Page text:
Sometimes it’s the struggle with work-life balance—or lack thereof. Sure, our hours may be 9 a.m. to 5 p.m., but it can be tough to fit it all in 40 hours each week, so we might stay late to finish up. Tack on a commute to and from work, and you’re adding on even more time. This can lead to us missing out on commitments with family and friends, or we end up feeling too tired to make plans once we finally do get home.

And with advances in technology, we can feel like we’re on call 24/7, expected to return emails immediately and take conference calls at all hours. For many people, it’s a struggle to truly unplug.

Some professionals, especially those in “helping” fields like health care and social work, are more prone to burnout, perhaps because they are continually exposed to the more challenging sides of the people they are working to serve.

Ignoring signs of impending or current burnout will only make it worse. Left untreated, burnout can have dangerous side effects. Some of my patients experience problems with sleep and/or go through their days feeling constantly tired. Others wind up battling anxiety, depression or mood swings. Burnout can also lead to increased risk of high blood pressure, heart disease and Type 2 diabetes. And as I mentioned earlier, some people will try to self-medicate, which carries the risk of substance abuse.

And don’t forget about the effects on your work and personal life—you won’t be at your best, meaning your work and relationships will likely suffer.

What can you do?

You can get a handle on this fried feeling. First, figure out your options at work. Try discussing your concerns with your manager, who may be able to help come up with achievable goals or find middle ground on a tough situation.

Then, consider asking for help, whether it’s support from colleagues, friends, family or professionals. Some employers offer employee assistance programs, which often provide short-term counseling, outside referrals and other services confidentially to employees who are going through a tough time personally or professionally.

Working with a counselor or therapist can help you get a handle on your stress, too. When I have patients who seem burned out at work, I first make sure to rule out medical reasons, including such simple conditions as vitamin deficiencies. If their feelings of burnout are not rooted in a medical cause, I recommend talk therapy to explore why they’re in the position they’re in and to gain insight into why they might be struggling: Do they hate their boss? Did they choose the wrong career? Are their relationship issues spilling over into work? Sometimes another perspective can be helpful. Effective therapy then provides a toolkit to address these stressors in a healthful manner.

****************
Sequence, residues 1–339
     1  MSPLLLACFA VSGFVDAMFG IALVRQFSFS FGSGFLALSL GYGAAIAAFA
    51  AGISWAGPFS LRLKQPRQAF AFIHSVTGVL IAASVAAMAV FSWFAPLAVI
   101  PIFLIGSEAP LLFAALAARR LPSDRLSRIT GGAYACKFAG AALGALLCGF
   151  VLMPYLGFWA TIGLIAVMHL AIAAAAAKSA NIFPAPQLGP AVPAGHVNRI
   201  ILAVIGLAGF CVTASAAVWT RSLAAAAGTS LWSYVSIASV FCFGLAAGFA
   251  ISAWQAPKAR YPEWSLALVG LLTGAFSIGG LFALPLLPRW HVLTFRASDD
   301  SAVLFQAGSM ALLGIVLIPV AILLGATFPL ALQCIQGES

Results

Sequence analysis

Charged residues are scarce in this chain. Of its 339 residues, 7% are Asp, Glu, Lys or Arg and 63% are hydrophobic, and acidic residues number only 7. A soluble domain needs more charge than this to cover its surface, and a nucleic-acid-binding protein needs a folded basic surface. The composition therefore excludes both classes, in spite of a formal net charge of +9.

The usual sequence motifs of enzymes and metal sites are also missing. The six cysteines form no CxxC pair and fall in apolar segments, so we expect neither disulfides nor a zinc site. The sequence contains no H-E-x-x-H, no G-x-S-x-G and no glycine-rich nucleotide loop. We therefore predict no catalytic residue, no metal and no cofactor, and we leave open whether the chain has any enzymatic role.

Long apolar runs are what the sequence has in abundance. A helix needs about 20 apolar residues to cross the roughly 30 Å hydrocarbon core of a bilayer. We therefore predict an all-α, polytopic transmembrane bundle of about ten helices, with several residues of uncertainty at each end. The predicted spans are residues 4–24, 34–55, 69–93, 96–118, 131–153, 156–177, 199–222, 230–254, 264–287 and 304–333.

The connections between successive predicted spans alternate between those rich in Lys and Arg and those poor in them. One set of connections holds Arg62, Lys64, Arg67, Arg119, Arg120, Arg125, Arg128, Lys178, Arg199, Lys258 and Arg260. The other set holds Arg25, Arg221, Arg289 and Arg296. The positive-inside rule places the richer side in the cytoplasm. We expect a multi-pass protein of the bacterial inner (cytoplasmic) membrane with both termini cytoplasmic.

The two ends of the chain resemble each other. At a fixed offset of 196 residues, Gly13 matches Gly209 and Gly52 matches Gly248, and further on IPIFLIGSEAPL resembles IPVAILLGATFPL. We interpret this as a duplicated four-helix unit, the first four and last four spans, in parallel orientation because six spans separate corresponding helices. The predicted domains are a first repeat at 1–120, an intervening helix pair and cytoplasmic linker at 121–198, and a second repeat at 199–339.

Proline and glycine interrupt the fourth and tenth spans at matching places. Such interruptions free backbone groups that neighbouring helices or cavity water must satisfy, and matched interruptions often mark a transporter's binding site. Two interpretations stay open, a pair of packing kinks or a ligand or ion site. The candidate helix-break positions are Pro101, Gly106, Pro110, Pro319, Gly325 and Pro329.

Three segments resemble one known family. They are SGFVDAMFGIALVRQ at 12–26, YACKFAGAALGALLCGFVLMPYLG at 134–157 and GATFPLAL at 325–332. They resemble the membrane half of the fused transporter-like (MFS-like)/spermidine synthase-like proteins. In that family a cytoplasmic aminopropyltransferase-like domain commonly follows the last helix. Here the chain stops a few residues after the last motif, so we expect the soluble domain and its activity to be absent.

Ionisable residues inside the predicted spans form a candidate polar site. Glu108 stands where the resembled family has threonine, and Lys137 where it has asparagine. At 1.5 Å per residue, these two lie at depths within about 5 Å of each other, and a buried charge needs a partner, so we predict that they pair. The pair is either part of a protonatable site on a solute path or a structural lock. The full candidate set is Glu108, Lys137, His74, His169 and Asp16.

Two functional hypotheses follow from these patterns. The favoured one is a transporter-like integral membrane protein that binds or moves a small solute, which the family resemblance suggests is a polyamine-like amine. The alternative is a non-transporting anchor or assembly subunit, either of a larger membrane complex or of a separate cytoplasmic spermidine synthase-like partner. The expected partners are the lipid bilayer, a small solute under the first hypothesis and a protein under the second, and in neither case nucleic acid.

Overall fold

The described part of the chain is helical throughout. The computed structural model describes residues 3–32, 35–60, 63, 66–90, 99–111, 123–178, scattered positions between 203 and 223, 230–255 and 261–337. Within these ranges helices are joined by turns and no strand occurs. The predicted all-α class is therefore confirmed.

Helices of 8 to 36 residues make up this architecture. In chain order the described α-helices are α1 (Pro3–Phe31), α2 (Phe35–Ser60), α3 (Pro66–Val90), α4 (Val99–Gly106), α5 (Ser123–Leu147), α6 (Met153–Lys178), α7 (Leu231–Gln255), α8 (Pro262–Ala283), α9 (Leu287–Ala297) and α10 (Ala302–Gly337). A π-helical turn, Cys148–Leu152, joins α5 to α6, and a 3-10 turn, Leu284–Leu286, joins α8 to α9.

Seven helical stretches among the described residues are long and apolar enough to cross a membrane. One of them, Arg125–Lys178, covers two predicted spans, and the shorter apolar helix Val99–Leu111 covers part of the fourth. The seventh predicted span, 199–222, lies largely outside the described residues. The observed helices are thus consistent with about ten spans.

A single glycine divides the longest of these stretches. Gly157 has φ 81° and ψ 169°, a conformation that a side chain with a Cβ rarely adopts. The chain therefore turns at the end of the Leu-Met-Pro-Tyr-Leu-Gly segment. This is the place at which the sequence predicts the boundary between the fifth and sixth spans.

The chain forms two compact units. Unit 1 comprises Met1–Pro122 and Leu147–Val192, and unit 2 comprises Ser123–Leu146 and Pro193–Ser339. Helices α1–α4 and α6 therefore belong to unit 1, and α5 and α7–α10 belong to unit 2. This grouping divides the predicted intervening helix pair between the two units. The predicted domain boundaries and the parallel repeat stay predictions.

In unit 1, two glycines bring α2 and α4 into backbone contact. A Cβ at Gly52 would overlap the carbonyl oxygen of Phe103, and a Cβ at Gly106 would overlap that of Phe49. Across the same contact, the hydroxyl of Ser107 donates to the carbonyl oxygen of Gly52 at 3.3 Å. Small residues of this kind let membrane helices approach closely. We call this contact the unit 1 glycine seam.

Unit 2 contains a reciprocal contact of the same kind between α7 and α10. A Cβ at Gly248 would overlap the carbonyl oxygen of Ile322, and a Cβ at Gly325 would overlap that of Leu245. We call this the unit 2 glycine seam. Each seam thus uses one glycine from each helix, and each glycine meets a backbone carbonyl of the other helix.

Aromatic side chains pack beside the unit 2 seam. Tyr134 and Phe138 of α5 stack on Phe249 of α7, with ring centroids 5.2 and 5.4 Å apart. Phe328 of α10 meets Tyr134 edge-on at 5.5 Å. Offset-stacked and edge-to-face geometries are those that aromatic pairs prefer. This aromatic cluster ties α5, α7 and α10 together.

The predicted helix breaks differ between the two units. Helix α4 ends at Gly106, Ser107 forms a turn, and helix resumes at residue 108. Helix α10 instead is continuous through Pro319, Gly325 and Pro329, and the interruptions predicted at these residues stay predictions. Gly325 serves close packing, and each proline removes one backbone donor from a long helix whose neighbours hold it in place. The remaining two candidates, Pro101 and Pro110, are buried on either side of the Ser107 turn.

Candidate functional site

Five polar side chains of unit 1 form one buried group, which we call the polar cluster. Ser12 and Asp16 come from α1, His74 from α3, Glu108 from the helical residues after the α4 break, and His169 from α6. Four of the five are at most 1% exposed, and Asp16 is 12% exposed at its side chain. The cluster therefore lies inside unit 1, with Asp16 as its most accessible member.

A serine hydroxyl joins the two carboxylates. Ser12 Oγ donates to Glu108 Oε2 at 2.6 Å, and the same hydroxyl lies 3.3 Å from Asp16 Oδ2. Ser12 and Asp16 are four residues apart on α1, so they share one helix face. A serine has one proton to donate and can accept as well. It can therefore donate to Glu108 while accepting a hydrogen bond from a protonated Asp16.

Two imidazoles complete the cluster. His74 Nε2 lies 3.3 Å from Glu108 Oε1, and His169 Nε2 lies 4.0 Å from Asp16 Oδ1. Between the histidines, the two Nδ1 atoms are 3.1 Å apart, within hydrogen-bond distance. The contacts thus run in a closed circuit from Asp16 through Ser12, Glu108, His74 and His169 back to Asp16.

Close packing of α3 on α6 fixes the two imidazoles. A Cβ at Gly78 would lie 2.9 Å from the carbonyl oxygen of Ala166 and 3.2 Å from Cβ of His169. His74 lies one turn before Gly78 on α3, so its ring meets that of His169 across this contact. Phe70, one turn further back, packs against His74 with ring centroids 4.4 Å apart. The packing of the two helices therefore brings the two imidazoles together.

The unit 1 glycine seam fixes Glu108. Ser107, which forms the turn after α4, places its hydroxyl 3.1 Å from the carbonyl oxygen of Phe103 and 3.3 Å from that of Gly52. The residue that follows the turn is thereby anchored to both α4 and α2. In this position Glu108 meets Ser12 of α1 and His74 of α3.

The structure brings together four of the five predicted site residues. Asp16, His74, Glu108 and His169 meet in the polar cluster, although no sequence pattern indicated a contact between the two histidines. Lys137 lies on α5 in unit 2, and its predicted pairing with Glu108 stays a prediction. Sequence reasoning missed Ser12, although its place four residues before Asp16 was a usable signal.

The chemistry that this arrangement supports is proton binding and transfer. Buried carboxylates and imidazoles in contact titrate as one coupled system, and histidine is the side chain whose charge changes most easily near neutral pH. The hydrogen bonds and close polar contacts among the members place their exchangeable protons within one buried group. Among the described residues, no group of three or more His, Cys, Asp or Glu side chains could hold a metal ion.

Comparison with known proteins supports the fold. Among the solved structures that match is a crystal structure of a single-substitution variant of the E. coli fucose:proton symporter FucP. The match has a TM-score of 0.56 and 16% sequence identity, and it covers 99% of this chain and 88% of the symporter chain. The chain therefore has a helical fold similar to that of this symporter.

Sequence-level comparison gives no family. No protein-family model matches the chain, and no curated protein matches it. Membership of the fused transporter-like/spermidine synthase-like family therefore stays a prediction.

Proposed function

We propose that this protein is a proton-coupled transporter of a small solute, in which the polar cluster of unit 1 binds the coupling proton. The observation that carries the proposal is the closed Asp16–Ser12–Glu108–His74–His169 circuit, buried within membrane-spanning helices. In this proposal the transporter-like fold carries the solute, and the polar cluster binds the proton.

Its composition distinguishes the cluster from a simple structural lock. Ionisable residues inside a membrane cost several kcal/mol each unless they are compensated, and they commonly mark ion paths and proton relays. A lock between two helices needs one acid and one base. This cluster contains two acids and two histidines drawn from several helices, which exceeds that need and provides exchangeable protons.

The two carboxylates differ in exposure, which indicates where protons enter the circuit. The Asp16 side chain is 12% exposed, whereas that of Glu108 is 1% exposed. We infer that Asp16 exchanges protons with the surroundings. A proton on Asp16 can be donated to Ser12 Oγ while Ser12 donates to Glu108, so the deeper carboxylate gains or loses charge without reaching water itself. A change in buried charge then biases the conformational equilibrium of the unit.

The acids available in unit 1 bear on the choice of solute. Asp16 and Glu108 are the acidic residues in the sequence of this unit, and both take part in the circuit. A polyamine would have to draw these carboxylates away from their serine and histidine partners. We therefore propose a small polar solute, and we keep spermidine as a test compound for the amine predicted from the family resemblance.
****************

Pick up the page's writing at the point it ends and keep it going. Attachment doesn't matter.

Considering that we spend half of our waking lives at work, I counsel my patients that if they can’t make enough change for themselves in their current position, they should look for a job they can at least tolerate, if not enjoy. Sometimes it’s best to leave a toxic job or environment and start fresh.

Outside of work, try taking up a stress-reducing activity, like yoga or meditation. Practicing mindfulness, which involves being aware of the present moment while accepting and acknowledging your current thoughts and feelings, can be calming, too. Regular physical activity, even if it’s simply going for a brisk walk, can help you let off some steam and take your mind off of work. Finally, make sure you’re getting enough quality sleep. “The balm of hurt minds,” as Shakespeare wrote.

While burnout at work can feel insurmountable, keeping some healing tools in your arsenal can get your work—and home—life back on track.

For more resources on handling stress in the workplace, visit the website of the Centers for Disease Control and Prevention.  

Joseph Tasosa, M.D., is board-certified in psychiatry and addiction psychiatry with Mid-Atlantic Permanente Medical Group. He sees patients at the Kaiser Permanente Falls Church Medical Center.

Want to live your healthiest life? Subscribe to our weekly newsletter.

Real Estate, and Personal Injury Lawyers. Contact us at: https://westlakelegal.com 

7 desks that add some fun to your workload

Whether you’re paying bills, journaling or are looking for a homework-friendly space, these detailed desks are sure to take away some of the stress lingering in your office. Real Estate, and Personal Injury Lawyers. Contact us at: https://westlakelegal.com 

DOJ accuses Kellyanne Conway of repeatedly violating Hatch Act — and recommends she be removed from federal service

Westlake Legal Group kc-2 DOJ accuses Kellyanne Conway of repeatedly violating Hatch Act — and recommends she be removed from federal service violate Trump The Blog Special Counsel Politics office kellyanne conway Hatch Act advisor